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Researchers' metallic glue may stick it to soldering and welding

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posted on Jan, 11 2016 @ 04:20 PM
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I wonder how much of a find this is. If I understand they are using Indium and according to Wiki-


It has been estimated that there are fewer than 14 years left of indium supplies, based on current rates of extraction, demonstrating the need for additional recycling


Even if they could make sure it is always recycled, the amount would continue to shrink.




posted on Jan, 11 2016 @ 06:02 PM
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Was thinking the same thing Bedlam was. I see it as novel and useful, but it's application is limited. Outside that scope, it could possibly cause more problems than it's worth.

One of the best examples is gallium vs. aluminum. (But in other environments other chemicals aren't allowed either, mercury happens to be a big one too.)



www.youtube.com...



posted on Jan, 11 2016 @ 06:04 PM
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Can this glue weld two pieces of metal and still pass an x-Ray inspection?



posted on Jan, 11 2016 @ 07:12 PM
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originally posted by: muse7
Can this glue weld two pieces of metal and still pass an x-Ray inspection?


Yes, but more no.

The x-ray would show the two parent metals and then a bonding agent on the surfaces of the parent metals or what ever you have bonded together.
If you simply do a google search of how welding works you will see that the parent materials are almost fused together with what ever filler metal you are using. This is called penetration, a glue does not penetrate the parent materials / metals all it simply does is create a sort of grip.

A friend of mine is a potter, he explained to me once that in order for things like handles or spouts to ensure a proper fit is to create score marks on either piece he wishes to stick together, or he simply molds the handle straight from the parent clay itself, but there needs to be a contact point somewhere. This is either done by heating the clay in that area and 'welding' the clay to one another or by scoring the parts that will touch and adding water, the water is the 'glue'.

So in order for a glue to be truly sound and pass an Xray the two parent materials must have a matching scoring pattern to create a sort of lock, think of dove tailing in wood working.

The thing is, glue is only super effective if it has a strong grip AROUND what ever you are trying to bond.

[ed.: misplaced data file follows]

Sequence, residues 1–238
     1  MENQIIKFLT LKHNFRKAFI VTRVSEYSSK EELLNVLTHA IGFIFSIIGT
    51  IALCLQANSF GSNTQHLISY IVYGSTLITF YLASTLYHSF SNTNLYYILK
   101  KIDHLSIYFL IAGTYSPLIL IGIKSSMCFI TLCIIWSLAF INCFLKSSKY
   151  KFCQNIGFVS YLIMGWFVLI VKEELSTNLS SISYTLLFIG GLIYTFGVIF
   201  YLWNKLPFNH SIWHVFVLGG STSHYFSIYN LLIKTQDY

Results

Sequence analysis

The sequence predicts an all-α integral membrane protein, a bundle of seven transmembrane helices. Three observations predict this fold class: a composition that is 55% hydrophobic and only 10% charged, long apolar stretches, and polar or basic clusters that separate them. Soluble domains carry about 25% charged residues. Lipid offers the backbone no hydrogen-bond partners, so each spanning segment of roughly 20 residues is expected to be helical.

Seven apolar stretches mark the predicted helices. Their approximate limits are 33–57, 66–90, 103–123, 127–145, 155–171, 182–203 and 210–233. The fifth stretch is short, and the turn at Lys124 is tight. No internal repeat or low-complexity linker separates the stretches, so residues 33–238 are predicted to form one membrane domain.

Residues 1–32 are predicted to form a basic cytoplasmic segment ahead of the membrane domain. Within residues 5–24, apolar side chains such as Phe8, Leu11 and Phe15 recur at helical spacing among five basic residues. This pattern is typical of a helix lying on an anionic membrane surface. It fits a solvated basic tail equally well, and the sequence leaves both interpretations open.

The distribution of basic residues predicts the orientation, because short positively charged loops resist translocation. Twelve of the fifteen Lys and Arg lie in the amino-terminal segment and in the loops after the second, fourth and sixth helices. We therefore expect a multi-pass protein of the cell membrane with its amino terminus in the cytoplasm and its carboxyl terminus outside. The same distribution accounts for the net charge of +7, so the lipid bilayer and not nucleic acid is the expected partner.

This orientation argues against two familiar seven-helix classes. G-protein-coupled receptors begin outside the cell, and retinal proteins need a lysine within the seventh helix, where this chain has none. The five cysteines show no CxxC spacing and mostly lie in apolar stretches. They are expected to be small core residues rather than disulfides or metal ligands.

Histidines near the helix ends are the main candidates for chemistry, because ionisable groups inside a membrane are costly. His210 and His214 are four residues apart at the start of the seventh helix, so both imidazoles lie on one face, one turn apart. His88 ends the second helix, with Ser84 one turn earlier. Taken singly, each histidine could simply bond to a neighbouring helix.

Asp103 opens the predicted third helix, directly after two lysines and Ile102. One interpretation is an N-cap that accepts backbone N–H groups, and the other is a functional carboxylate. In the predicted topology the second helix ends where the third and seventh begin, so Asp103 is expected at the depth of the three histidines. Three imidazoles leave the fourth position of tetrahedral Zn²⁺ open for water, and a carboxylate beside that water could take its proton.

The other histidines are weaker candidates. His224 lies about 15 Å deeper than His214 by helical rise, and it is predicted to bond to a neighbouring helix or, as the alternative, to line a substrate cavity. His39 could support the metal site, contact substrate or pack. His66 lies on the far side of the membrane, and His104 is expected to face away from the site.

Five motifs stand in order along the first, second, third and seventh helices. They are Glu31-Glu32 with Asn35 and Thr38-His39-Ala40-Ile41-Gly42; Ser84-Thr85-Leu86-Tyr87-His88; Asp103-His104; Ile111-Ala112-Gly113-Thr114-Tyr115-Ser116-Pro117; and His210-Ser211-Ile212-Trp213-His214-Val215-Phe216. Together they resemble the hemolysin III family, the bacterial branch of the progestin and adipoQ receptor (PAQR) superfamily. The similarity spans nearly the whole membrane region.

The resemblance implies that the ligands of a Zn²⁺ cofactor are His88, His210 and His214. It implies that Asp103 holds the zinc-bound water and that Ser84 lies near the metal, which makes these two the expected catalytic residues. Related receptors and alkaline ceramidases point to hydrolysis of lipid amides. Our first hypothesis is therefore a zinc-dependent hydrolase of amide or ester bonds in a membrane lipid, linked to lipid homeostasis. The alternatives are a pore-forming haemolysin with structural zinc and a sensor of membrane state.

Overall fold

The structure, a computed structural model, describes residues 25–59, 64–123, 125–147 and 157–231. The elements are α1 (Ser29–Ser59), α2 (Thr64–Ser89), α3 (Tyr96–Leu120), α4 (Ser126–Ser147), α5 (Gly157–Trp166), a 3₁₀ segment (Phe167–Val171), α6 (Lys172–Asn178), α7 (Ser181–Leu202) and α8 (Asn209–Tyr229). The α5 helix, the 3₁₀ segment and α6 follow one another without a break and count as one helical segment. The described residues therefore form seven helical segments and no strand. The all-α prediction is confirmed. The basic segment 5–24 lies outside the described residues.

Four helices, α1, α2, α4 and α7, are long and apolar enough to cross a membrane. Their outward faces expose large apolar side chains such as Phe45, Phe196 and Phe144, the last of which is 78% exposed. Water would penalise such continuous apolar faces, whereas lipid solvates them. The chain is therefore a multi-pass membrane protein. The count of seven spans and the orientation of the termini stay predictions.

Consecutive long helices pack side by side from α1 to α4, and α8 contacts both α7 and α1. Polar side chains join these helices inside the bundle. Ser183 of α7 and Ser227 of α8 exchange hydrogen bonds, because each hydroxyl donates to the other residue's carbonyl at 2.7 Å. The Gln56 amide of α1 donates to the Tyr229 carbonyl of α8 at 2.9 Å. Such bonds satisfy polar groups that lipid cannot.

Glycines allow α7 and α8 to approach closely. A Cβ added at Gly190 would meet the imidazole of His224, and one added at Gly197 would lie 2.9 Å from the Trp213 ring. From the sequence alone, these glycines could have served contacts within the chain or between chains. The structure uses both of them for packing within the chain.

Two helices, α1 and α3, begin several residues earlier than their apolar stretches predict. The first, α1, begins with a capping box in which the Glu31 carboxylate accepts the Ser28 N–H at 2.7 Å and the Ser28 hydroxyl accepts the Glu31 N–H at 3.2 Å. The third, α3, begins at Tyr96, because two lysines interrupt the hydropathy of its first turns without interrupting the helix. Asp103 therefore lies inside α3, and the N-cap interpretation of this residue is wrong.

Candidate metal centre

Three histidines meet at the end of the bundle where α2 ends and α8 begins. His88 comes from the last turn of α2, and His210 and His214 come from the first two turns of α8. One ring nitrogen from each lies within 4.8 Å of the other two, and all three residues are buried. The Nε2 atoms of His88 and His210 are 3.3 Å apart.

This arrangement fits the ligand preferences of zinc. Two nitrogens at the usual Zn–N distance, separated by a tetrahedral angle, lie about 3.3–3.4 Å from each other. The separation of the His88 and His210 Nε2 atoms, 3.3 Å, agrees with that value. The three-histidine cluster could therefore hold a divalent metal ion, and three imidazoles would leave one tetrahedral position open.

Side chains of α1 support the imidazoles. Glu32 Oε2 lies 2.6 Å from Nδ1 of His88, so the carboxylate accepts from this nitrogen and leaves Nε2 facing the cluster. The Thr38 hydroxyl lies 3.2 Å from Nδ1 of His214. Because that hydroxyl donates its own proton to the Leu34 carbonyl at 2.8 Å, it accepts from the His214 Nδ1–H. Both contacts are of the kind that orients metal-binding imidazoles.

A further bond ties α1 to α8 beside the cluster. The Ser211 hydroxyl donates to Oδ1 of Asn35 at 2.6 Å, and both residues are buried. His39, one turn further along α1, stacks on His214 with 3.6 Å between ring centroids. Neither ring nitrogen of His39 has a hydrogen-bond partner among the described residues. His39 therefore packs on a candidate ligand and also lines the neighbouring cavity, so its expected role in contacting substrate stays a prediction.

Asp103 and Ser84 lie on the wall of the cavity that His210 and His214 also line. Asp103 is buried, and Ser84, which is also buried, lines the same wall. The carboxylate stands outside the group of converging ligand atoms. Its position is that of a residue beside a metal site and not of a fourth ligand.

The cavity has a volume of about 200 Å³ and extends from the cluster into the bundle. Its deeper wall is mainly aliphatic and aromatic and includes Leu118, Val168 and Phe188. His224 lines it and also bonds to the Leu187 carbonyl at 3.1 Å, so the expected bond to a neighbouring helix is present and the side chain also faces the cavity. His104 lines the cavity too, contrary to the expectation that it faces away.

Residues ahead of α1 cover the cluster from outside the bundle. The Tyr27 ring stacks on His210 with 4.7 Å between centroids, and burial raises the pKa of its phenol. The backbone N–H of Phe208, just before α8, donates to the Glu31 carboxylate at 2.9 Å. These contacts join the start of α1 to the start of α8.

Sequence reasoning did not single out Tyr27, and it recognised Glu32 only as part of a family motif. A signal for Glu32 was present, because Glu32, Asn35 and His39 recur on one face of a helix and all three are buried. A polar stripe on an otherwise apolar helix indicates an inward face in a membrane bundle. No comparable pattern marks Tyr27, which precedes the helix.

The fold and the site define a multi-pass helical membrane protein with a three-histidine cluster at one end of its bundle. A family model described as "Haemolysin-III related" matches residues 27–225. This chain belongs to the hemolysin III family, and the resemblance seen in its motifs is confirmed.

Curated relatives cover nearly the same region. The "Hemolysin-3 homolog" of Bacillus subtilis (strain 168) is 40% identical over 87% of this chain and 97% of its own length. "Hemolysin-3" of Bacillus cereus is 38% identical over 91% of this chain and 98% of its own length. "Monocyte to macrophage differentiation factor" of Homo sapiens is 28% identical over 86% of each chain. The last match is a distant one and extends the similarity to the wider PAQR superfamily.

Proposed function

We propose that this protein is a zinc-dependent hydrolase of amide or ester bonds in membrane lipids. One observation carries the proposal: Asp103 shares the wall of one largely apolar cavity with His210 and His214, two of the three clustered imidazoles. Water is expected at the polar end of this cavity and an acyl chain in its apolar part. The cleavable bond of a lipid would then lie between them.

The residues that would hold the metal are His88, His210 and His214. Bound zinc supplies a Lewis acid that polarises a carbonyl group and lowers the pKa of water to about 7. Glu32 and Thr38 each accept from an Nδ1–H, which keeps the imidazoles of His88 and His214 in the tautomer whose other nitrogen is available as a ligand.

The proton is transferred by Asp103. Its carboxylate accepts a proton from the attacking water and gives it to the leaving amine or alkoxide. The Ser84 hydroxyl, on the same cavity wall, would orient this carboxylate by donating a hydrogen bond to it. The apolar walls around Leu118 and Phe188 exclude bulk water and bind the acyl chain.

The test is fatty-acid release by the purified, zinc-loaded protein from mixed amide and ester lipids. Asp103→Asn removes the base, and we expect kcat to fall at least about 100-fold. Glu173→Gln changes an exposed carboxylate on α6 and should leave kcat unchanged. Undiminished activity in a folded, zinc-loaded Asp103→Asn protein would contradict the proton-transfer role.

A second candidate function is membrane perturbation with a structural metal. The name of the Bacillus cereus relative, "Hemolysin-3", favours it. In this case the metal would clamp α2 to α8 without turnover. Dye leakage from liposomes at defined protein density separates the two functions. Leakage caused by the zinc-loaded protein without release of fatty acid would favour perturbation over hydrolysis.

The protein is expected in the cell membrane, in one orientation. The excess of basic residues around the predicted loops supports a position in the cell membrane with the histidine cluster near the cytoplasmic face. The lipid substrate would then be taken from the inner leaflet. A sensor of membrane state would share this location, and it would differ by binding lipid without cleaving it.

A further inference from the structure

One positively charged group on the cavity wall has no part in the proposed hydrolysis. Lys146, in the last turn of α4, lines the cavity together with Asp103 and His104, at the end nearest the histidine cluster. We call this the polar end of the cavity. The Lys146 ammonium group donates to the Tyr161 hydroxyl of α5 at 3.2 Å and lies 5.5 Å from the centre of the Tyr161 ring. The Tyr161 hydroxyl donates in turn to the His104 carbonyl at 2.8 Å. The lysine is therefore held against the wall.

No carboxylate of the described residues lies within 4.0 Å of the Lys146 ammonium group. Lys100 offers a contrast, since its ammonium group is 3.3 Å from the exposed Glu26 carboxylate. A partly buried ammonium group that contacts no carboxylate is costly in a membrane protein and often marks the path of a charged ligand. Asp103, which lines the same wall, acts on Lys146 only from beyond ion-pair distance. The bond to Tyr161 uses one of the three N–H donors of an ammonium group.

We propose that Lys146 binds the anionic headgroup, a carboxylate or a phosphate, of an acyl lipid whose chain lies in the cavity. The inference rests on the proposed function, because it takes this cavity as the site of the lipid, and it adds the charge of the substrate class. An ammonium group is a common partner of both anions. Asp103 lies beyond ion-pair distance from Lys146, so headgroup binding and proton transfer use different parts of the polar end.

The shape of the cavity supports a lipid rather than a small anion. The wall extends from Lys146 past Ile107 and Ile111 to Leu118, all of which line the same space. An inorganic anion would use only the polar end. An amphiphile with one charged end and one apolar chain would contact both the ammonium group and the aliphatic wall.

In welding there is something called brazing, it usually involves a metal that has a lower melting point than the parent materials, but when it cools and normalizes it still has enough strength that it will hold.



posted on Jan, 11 2016 @ 09:24 PM
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originally posted by: Brotherman
a reply to: anonentity
I'm a professional contract rig welder. If someone hands me jb weld or lock tite I look at them like they are retards and tell them to get someone else.



Normally I would agree but all the bearings that are really small, cant have an interference fit , they run to lumpy, the likes of printers etc. and small appliances have them stuck in. So they have no distortion. The engine makers always use it to lock the bearings in even with an interference fit. It beats superglue, as you have to heat the article up to 500 c to get a Loctite bearing out, then when it cools it grips again. but if you have been working on something, with hours of work, and make a mistake,it saves scraping all those hours.



posted on Jan, 12 2016 @ 01:11 AM
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originally posted by: Brotherman
a reply to: DAVID64
I'm a welder fabricator myself and thought exactly what you said as soon as I saw the article. Lol we have enough cheap Chinese junk trying to infiltrate our niche we dont need more do it your self welding stuff for idiots. Now dont get me wrong I always like them people cause when they eff it up really bad I can use the work... Its just when I go to a job and am asked to use products like that, that's when I roll the leads and drag up. I was once asked to weld aluminum to black iron at a va hospital, I told them its not possible and that is an engineering mistake. After arguing for about 30 minutes the site super approached me with JB weld. I drug up.